No way out of the problem of pathos vs. experience.
You will stay on, restive, serene in
Your gesture which is neither embrace nor warning
But which holds something of both in pure
Affirmation that doesn’t affirm anything.

(John Ashbery, from “Self-Portrait in a Convex Mirror”)

interviewer: what kind of action can you hope to take?

“POUND: The only chance for victory over the brainwash is the right of every man to have his ideas judged one at a time. You never get clarity as long as you have these package words, as long as a word is used by twenty-five people in twenty-five different ways. That seems to me to be the first fight if there is going to be any intellect left.

It is doubtful whether the individual soul is going to be allowed to survive at all. Now you get a Buddhist movement with everything except Confucius taken into it. An Indian Circe of negation and dissolution.

We are up against so many mysteries. There is the problem of benevolence, the point at which benevolence has ceased to be operative. Eliot says that they spend their time trying to imagine systems so perfect that nobody will have to be good. A lot of questions asked in that essay of Eliot’s cannot be dodged, like the question whether there need be any change from the Dantesque scale of values or the Chaucerian scale of values. Is so, how much? People who have lost reverence have lost a great deal. That was where I split with Tiffany Thayer. All these large words fall into clichés.

There is the mystery of the scattering, the fact that the people who presumably understand each other are geographically scattered. A man who fits in his milieu as Frost does, is to be considered a happy man.

Oh, the luck of a man like Mavrocordato, who is in touch with other scholars, so that there is somewhere where he can verify a point! Now for certain points where I want verification there is a fellow named Dazzi in Venice that I write to and he comes up with an answer, as it might be about the forged Donation of Constantine. But the advantages which were supposed to inhere in the university – where there are other people to contrôl opinion or to contrôl the data – were very great. It is crippling not to have had them. Of course I have been trying over a ten-year period to get any member of an American faculty to mention any other member of his same faculty, in his own department or outside it, whose intelligence he respects or with whom he will discuss serious matters. In one case the gentleman regretted that someone else had left the faculty.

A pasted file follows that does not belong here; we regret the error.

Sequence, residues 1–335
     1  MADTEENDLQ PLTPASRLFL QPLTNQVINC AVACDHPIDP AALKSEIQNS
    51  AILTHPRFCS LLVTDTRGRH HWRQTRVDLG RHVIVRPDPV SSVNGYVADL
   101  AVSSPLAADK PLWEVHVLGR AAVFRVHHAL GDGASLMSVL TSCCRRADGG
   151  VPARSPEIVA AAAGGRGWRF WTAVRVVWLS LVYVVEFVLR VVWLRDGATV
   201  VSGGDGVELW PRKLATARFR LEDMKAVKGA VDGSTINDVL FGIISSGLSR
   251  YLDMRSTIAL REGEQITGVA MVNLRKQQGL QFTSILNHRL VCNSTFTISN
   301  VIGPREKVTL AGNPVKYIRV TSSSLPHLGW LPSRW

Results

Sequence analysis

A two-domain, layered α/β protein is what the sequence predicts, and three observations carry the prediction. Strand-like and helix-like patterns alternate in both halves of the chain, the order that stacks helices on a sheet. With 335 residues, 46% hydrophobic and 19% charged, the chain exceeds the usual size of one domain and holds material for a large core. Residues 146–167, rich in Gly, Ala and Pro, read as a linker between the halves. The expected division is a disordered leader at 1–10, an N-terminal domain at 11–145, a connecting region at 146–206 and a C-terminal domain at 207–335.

I have been unable to get straight answers out of people on what appeared to me to be vital questions. That may have been due to my violence or obscurity with which I framed the questions. Often, I think, so-called obscurity is not obscurity in the language, but in the other person’s not being able to make out why you are saying a thing. For instance the attack on Endymion was complicated because Gifford and company couldn’t see why the deuce Keats was doing it.

Another struggle has been the struggle to keep the value of a local and particular character, of a particular culture in this awful maelstrom, this awful avalanche toward uniformity. The whole fight is for the conservation of the individual soul. The enemy is the suppression of history; against us is the bewildering propaganda and brainwash, luxury and violence. Sixty years ago, poetry was the poor man’s art: a man off on the edge of the wilderness, or Frémont, going off with a Greek text in his pocket. A man who wanted the best could have it on a lonely farm. Then there was the cinema, and now television.”

(Ezra Pound, interviewed by Donald Hall for the Paris Review in 1962.)